Are you worried that you are complicit simply by knowing about it? Because you are not, says Annalisa Barbieri
A friend confessed to me that she has cheated on her husband. It started with texts, before she met up in secret with a man she doesn’t know and they slept together. I am good friends with her husband and close to their young children. She wants me to be supportive, but I am struggling. She told the man she slept with that she was recently separated – he initially rejected her when he thought she was married. She says she feels no remorse and wouldn’t care if her husband had an affair, either. She says she wants to escape the clutches of being a mum and a wife and experience a thrill again. I am not convinced the affair is over: she is desperate to see this man again and can’t stop thinking about him. I feel awful knowing all this and still seeing her family. She says I am the only one who knows. How can I be there for her when I think what she has done is so wrong?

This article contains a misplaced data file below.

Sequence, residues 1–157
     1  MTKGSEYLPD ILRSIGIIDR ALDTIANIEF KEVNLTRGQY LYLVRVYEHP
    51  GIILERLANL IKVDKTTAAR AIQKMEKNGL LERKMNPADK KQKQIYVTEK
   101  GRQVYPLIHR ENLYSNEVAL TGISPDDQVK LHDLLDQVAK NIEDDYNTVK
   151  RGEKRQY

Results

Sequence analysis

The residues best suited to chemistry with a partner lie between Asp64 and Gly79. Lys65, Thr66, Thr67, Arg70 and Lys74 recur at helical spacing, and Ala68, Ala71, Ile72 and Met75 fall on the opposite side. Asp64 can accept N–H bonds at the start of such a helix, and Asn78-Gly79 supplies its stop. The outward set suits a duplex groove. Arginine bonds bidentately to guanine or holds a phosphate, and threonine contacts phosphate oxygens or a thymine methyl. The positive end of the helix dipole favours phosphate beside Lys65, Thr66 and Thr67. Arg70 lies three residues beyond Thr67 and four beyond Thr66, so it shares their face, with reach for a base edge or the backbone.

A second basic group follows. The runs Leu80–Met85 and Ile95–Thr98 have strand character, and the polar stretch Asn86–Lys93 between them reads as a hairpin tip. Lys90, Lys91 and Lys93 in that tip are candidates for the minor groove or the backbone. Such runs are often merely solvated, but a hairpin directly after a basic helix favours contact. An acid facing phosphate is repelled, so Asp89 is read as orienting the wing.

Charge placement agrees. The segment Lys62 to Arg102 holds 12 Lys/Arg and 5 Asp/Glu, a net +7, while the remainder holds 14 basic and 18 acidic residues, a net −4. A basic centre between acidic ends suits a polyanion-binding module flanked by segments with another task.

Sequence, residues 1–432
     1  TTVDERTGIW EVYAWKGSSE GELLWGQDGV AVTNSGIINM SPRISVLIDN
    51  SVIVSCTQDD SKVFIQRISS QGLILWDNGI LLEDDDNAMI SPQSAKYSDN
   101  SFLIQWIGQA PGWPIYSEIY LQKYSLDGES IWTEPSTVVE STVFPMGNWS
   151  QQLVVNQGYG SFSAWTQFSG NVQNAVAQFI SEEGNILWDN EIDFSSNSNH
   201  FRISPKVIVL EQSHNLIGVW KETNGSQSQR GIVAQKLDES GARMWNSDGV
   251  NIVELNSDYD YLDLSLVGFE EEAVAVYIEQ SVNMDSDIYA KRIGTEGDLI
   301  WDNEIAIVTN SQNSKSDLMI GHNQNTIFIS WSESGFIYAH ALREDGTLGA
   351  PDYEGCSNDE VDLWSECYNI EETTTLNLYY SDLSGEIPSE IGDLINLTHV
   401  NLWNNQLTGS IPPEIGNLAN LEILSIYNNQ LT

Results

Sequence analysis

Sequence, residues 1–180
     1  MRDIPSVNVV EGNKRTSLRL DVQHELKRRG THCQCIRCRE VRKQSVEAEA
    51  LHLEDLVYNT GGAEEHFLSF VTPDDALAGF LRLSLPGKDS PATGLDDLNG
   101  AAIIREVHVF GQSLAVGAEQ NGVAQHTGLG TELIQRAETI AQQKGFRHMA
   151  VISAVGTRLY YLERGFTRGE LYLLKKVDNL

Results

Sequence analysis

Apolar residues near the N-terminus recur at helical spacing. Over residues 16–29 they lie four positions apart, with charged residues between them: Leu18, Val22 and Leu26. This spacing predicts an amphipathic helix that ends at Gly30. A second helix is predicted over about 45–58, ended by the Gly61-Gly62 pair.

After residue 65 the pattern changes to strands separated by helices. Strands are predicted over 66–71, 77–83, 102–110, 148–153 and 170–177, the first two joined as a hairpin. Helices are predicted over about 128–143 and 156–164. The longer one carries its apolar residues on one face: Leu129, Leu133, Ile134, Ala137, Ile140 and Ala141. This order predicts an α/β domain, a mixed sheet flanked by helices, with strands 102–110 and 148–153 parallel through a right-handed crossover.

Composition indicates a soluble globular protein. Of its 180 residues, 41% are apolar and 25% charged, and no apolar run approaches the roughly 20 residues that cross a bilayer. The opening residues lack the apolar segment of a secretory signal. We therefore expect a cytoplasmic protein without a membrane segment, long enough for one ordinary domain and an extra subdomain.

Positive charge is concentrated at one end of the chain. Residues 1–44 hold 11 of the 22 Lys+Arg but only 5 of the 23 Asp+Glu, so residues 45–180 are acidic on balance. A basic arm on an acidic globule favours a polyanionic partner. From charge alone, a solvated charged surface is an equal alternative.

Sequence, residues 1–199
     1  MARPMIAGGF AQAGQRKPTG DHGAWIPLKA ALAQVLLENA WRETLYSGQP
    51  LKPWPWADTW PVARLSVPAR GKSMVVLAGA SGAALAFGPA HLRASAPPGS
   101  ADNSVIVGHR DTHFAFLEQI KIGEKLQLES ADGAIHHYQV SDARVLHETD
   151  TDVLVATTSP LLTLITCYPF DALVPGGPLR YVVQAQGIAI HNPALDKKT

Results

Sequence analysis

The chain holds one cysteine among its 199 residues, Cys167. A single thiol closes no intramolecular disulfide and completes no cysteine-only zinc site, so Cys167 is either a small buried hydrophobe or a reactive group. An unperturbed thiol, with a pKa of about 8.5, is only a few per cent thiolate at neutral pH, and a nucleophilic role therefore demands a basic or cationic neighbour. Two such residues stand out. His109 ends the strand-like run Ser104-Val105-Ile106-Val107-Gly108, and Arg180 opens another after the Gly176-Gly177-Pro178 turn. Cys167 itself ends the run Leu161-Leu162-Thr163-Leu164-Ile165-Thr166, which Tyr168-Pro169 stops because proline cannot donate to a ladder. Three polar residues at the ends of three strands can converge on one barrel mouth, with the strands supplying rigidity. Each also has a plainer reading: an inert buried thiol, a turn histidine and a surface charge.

You ask how you can be there for her when you don’t like what she has done, so presumably you want to continue the friendship. This is what I am concentrating on. I havesupported people through infidelities, but I also want to remind you that you don’t have to: sometimes, it is the end of a friendship. Friendships can and should withstand rocky roads, but we all have our portcullis moments.